For those of you who don’t want to use a realtor or realtors cost money In your state we need to get creative.  The fact is that realtor’s association is a bit monopolistic in my opinion because they closely guard their MLS listings, get regulations in their favor and other tactics.  To find land we need to again make our list, then start our search.  We want to check EBay, Craig’s List, the newspaper,  do a search for local realtors website’s to get addresses,  find property owners through local tax records (usually online), word of mouth, and finally just driving around.

You will still need a lawyer to handle the documents, remember to have your own lawyer, don’t use theirs.  Take time to review things ahead of time, if they are trying to rush you tell them to back off or you walk away.

Once you find a land you want to be sure that you are clear on the boundaries, when was it last officially surveyed?  Where are the build-able sites on the lot?  What about utilities, internet, and trash?  Septic tank site and does it perk?  Ask about zoning in the areas around the property and consider what might be able to be built there.  You should always walk the land and the property lines, looking at flat spots, run off/erosion, is there trash from people dumping, consider clearings and if you might need to make more space.  Most often you will not be able to build in a community/neighborhood, but ask about home owners associations or other land restrictions.  For those who like to garden, a soil test is a good idea too.

I also suggest mapping out where the closest grocery store, gas station, hardware store, restaurants, hospital, airport etc.  Going out to the property early so you can drive the route from there to your work during normal commute times is useful too, know where traffic is and how it would impact you.  Finally consider road access to the property, making sure it is not land locked, how will you get to your property, could a delivery truck make it to the property?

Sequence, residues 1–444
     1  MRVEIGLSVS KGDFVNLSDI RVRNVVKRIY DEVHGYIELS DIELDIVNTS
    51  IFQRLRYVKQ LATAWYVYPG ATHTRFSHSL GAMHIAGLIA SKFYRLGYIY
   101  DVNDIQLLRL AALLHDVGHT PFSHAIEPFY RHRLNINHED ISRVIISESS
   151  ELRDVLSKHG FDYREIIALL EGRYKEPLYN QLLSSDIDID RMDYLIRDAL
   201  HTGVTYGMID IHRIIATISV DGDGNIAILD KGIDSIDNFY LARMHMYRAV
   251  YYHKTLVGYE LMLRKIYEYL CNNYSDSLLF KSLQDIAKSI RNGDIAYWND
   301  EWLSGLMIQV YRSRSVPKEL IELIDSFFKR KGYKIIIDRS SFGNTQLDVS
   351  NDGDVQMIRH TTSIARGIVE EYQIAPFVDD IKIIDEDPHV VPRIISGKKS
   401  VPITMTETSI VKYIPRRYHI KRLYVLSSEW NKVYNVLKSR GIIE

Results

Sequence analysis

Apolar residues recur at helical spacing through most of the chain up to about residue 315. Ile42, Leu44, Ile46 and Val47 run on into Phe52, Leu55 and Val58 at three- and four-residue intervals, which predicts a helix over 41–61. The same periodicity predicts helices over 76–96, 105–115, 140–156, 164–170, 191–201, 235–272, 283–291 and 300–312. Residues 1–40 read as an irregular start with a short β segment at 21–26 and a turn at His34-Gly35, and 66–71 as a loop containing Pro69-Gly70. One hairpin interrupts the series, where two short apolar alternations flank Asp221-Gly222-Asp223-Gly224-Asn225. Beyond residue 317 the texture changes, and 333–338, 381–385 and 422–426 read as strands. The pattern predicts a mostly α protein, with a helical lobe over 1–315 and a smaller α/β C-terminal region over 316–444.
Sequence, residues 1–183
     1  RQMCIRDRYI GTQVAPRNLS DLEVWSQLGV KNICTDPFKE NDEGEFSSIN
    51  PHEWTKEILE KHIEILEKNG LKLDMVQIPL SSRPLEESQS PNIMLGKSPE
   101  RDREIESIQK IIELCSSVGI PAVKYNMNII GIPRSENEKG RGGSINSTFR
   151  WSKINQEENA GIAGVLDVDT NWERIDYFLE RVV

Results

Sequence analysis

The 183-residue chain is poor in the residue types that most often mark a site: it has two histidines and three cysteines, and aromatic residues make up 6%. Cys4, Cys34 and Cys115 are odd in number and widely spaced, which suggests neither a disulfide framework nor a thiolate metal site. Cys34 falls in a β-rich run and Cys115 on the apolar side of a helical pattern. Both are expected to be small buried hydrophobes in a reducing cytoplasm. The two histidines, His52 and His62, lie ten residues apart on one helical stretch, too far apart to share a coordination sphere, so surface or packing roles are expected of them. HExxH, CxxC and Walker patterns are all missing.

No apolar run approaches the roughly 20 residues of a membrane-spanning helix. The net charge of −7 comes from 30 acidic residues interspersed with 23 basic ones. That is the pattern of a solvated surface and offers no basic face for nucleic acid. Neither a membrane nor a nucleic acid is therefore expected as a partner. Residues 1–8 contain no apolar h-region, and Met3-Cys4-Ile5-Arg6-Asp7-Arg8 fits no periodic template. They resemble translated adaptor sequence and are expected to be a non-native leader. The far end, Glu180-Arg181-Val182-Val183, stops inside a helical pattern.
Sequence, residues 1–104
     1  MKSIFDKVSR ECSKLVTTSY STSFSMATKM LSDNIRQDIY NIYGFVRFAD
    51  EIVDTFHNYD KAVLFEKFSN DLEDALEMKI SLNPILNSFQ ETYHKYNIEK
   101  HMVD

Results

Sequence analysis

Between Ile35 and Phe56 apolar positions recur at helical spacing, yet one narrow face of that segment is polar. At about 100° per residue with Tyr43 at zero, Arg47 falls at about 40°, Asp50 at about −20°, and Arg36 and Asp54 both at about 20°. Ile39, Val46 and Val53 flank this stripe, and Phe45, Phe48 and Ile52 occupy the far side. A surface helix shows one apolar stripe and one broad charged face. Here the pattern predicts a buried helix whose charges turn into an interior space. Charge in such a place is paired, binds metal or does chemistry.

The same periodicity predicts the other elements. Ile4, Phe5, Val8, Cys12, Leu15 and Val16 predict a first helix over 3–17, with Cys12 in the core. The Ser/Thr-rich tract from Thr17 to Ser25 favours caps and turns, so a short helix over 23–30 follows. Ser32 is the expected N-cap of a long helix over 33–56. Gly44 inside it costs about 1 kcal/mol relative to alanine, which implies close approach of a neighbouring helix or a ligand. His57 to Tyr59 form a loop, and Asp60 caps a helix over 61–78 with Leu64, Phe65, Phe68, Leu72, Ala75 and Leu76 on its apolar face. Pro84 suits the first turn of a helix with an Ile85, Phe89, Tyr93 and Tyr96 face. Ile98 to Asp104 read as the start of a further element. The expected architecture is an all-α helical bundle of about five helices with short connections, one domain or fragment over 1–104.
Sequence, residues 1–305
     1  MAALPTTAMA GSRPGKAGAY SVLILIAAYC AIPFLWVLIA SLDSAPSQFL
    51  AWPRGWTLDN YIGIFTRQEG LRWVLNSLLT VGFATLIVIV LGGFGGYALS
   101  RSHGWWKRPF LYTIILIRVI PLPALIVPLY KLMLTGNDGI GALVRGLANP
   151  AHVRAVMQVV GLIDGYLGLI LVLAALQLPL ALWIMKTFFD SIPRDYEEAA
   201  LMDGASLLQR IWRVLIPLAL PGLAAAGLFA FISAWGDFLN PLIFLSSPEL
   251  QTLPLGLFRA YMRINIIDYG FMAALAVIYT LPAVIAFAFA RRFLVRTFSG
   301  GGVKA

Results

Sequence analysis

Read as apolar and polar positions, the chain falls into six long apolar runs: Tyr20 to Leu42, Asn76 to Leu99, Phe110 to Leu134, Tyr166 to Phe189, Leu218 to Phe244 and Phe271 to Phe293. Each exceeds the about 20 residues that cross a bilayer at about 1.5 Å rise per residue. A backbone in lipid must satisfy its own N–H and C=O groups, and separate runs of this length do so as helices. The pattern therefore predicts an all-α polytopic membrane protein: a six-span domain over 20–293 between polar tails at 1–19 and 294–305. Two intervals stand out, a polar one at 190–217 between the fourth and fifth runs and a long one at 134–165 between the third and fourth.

So in summary, there are a lot of things to consider, take your time and don’t let emotions get into the mix.  If a realtor/buyers agent doesn’t cost you anything, then I’d recommend it as long as they interviewed well and their terms are agreeable.  Regardless you will have to pay some lawyer fees, taxes etc.

Because this is such a huge topic here are 4 great resources for you to read to get a handle on it all:

5 Comments
  1. All excellent advice. We went the route of buying land with an existing old fixer-upper house to provide the legal red-herring of a “habitable dwelling”; which includes sanitation, water, heat, roof, walls and electric service. As long as it’s a legal house who cares how many tiny art studios or cozy writer’s retreats we put on the other 5 acres? (we have no neighbors to complain and live under county jurisdiction. We use the house as a main lodge for cooking, sanitation and socializing. But nobody sleeps or stores personal projects there. In our mild climate, a spread-out scene like this is very feasible.

    • That’s a very feasible idea – never thought of that.

  2. TR…where are you located?

  3. That’s a very feasible idea.

  4. Have you ever considered publishing an e-book